[Tutorial]Building a Simple TileMap Game, Part 2 of 9

Moving a player around the world.

Now that we have defined our world, we can add the player and allow him to explore.

Previously we mentioned that our world is 16 x 16 tiles in size. If our tiles are also 16 x 16 pixels in size then we can calculate that our world is 256 pixels wide by 256 pixels in height. Using mode 15 on the Pokitto allows us to display 220 x 176 pixels of that world. As such we can only show a portion of the world and will need to scroll this view as the player moves. The visible section of the world is known as the ‘viewport’.

Imagine the player starts near the top-left of the world. When rendering the screen, we typically render the player in the middle of the viewport and hence the middle of the screen. When the viewport is positioned in the top, left-hand corner, as shown below, the world has an offset of x = 0, y = 0 relative to the viewport.


Now let’s assume the player moves diagonally down towards the bottom, right-hand corner. The viewport moves along with the player so that when rendering the player is still in the centre. At this stage, the viewport has on offset of x = 16, y = 32 relative to the top-left corner of the world.


Finally, the player reaches a point where the viewport is now touching the right-hand and bottom edges of the world. The viewport offsets (x = 32 and y = 80) can be calculated as the difference in size between the world and the size of the viewport. The world’s width is 256 pixels wide and the viewport is only 220 pixels resulting in a difference of 32 pixels. Likewise, the height of our world, 256 pixels, is 80 pixels larger than our viewport height, 176 pixels.


Download and review the code in the repo https://github.com/filmote/Tilemap_1 if you haven’t already.

The code below shows how the pressing of the directional buttons on the Pokitto will control the movement of the viewport. Pressing the left button will decrease the player’s x position and pressing right will increase it.

int16_t x = -20;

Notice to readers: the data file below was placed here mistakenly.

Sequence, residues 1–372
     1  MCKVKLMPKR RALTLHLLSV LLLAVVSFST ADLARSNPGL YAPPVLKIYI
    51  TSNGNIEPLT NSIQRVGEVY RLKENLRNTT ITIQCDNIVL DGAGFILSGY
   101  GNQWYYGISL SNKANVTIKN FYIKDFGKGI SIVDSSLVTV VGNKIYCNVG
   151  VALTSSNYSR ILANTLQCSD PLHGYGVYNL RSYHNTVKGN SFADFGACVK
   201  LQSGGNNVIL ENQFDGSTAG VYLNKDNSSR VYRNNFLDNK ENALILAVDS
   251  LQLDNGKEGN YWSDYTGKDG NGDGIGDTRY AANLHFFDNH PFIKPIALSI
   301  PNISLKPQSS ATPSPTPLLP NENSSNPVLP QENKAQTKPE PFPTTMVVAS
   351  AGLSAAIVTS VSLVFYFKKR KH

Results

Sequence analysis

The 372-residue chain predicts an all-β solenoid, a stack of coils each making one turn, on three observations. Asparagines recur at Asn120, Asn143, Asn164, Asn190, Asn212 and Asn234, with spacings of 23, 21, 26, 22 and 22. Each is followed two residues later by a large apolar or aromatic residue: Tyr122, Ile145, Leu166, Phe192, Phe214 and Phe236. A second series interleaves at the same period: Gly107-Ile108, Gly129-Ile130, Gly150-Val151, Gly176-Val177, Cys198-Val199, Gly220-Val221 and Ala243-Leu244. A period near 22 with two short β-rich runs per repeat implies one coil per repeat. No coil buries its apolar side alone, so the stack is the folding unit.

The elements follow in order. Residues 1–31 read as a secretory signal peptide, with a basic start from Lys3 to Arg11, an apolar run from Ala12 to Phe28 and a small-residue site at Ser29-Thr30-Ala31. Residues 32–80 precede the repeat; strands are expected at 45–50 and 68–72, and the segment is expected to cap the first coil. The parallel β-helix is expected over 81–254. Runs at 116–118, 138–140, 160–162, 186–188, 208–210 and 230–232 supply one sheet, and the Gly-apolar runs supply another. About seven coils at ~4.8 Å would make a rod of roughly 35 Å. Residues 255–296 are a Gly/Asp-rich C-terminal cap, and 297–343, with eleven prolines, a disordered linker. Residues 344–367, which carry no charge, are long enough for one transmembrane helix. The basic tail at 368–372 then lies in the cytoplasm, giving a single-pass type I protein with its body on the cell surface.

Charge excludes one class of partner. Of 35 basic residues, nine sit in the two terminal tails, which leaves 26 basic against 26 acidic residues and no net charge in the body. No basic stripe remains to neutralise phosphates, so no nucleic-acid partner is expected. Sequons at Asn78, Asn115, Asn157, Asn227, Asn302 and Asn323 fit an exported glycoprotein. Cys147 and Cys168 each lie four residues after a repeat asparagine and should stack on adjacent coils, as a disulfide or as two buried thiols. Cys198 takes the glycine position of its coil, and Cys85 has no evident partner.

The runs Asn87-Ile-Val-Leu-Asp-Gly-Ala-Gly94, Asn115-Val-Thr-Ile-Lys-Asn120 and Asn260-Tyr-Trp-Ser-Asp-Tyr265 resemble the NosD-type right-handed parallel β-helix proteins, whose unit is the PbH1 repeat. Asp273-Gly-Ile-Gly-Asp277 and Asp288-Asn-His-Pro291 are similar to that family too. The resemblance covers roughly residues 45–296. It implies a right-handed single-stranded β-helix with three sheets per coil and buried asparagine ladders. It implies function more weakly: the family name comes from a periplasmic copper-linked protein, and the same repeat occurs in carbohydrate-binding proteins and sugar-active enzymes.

int16_t y = -50;
while (PC::isRunning()) {


    if (PC::buttons.pressed(BTN_LEFT)  || PC::buttons.repeat(BTN_LEFT, 1)) { 
        x = x - 1; 

    if (PC::buttons.pressed(BTN_RIGHT) || PC::buttons.repeat(BTN_RIGHT, 1)) { 
        x = x + 1; 

    if (PC::buttons.pressed(BTN_UP)    || PC::buttons.repeat(BTN_UP, 1)) { 
        y = y - 1; 

    if (PC::buttons.pressed(BTN_DOWN)  || PC::buttons.repeat(BTN_DOWN, 1)) { 
        y = y + 1; 
    tilemap.draw(x, y);
    PD::drawBitmapData(centreScreenX, centreScreenY, 
                       12, 15, Data::girl12x15Pixels);


A simple check of the player coordinates ensures that the player is unable to move outside of the world. As mentioned earlier, worldHeight and worldWidth describe the dimensions in pixel and the two ‘magic’ numbers 12 and 15 are the players width and height, respectively.
    if (x < 0)                          x = 0;
    if (x > worldWidth - 12)            x = worldWidth;
    if (y < 0)                          y = 0;
    if (y > worldHeight - 15)           y = worldHeight;

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Part 1 of 9: Building a Simple Tilemap Game
Part 2 of 9: Moving a Player Around the World
Part 3 of 9: Rendering the Viewport and Player
Part 4 of 9: Detecting Obstacles
Part 5 of 9: Adding Enemies
Part 6 of 9: Using FemtoIDE and Piskel
Part 7 of 9: Doors and Inventory Items
Part 8 of 9: Multiple Worlds
Part 9 of 9: Sixteen Tiles Only?


Typo: x = x - 1

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